Cloud Computing Trends In Africa (Information for Africa)

By Kevin Onuma (Chief Editor at InformAfrica)

InformAfrica – ‘Cloud computing trends in Africa’ is a regularly updated post page with information and resources providing insight into Africa’s cloud computing space, including in the mobile arena.

Cloud computing in Africa, mobile apps cloud

Cloud computing refers to applications and services offered over the Internet. These services are offered from data centers all over the world, which collectively are referred to as the “cloud.” This metaphor represents the intangible, yet universal nature of the Internet.

After observing the importance of cloud computing in today’s booming technology markets on a global scale; InformAfrica’s web-research team looked around the web for cloud computing trends specifically related to Africa, including the necessary information Africans ought to know in terms of cloud innovation on the continent.

To do this, we began by doing a search term on Google for “cloud computing africa“, and the first result that caught out attention is “Cloud Computing World Forum Africa“, a forum where people discuss the latest topics in cloud, security, mobile, applications, communications, virtualization, etc.

According to the website, Cloud Computing World Forum Africa brings together the IT sector’s most recognisable names and faces for a one day insight into a technology that’s changing the shape of world business.

A cloud strategy in Africa makes absolute sense

A cloud strategy in Africa makes absolute sense. (Photo: EComCanada)

A second trend that caught our attention is an article on CloudTweaks, titled “Africa: Cloud Computing’s Secret Weapon“. In the post, the writer made mention of factors affecting Africa’s information technology, which includes: insufficient access to adequate power for data centers; the lack of sufficient broadband and telecommunications heft; and the nonexistence of any infrastructure that could currently sustain a major technological overhaul. The article is a good read.

The third cloud computing trend picked by InformAfrica’s web research team was discovered on Wired, and titled “Africa: Ultimate Proving Ground for the Cloud?”  The article identified a Nairobi-based mobile app developer,  Shimba Technologies, and how it could lead to the ultimate proving ground for not only the cloud in corporate Africa, but also – that of America.

However, making cloud computing work in Africa remains a non-trivial problem, according to Sean Gallagher, who writes for Ars Technica’s IT department. He continued — just ask anyone who has run a data center there — they will tell you how expensive and frustrating it can be to work on a continent where it’s often cheaper to connect back to an overseas data center from a co-location facility than to connect with a customer a few miles away; where most people don’t even have landline, let alone wired Internet; and where the electrical grid could suddenly stop working for hours or even days at a time.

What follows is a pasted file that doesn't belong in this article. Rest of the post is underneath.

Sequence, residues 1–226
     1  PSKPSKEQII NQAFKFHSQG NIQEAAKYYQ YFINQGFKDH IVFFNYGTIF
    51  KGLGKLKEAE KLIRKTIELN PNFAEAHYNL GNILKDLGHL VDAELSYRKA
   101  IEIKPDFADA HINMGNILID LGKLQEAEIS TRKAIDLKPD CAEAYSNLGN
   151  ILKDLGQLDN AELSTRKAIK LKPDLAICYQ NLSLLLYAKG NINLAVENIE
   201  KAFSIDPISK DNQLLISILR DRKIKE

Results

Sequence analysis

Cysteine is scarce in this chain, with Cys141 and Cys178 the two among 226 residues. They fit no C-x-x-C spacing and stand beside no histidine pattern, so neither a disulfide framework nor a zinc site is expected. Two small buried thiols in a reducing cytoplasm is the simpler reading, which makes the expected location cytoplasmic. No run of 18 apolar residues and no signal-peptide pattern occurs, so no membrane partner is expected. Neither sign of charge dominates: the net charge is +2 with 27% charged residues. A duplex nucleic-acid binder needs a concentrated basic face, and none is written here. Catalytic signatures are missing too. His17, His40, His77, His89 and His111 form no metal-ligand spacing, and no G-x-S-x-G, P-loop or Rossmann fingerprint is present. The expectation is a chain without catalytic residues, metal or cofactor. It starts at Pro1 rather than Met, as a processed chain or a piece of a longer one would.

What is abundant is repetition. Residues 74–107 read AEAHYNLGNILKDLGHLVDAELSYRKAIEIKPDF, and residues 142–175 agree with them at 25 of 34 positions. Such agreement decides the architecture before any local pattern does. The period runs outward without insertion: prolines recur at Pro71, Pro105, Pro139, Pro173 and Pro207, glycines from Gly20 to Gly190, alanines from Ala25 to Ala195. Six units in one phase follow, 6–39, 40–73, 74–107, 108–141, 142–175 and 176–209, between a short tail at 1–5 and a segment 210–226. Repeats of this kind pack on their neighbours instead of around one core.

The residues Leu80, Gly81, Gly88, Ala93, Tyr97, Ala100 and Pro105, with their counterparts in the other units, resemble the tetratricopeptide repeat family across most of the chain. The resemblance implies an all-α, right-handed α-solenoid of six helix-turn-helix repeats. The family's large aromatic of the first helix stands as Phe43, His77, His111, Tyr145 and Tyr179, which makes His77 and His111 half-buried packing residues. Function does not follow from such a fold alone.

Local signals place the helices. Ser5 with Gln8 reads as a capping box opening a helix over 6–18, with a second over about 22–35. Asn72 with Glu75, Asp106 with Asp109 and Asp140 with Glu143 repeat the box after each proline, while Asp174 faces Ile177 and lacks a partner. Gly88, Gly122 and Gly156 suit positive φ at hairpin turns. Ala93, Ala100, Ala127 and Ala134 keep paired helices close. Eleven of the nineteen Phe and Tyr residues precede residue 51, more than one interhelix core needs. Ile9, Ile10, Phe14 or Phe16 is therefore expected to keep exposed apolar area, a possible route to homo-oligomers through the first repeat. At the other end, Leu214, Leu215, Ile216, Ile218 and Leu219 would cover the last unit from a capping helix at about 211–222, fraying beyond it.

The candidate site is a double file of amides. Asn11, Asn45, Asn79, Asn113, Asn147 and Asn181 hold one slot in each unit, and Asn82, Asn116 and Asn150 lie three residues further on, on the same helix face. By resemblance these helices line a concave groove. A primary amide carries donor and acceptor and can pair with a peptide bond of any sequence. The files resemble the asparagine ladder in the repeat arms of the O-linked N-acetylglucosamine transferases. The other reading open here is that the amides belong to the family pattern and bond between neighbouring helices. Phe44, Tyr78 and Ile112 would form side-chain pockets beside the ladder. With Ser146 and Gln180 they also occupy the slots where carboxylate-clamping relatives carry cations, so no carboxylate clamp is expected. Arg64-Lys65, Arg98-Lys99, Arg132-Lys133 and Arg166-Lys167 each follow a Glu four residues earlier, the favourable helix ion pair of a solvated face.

Those very challenges make Africa an increasingly attractive proving ground for cloud computing, though, especially for mobile applications.

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Our fourth cloud computing trend is a group we found on Linkedin via Google search known as “Cloud Computing in Africa“. It seems the group was created for networking with cloud computing professionals and business-minded individuals specifically interested in the cloud innovation. It was founded December 16 2010 by Moussa Dao, an Ugandan.

Last but not the least, our fifth cloud computing trend in Africa was found on CloudAve, and it’s titled “Reaching Africa Through Mobile And Cloud Computing“. Though the cloud computing topic was published in 2009, the writer talks about current trends on how cloud computing and mobile technology can help people in Africa by offering technological solutions for their everyday needs.

The article also gave an example of how teachers in Ethiopia are tapping into Microsoft Azure Cloud to plan and download curriculum, keep track of academic records and securely transfer the student data to make it available throughout the education system.

Out of the one billion people in Africa, only an estimated 140 million use the Internet, but over 600 million use mobile phones, according to a World Bank data.

In conclusion, though cloud computing is not so much of a new technology in developed economies; Africa is way behind in terms of cloud innovation. With the growth of Africa’s mobile market, mobile cloud apps for instance will play a remarkable role in the transformation of  the continent’s economies; improving education, public health, and Africa’s business environment.


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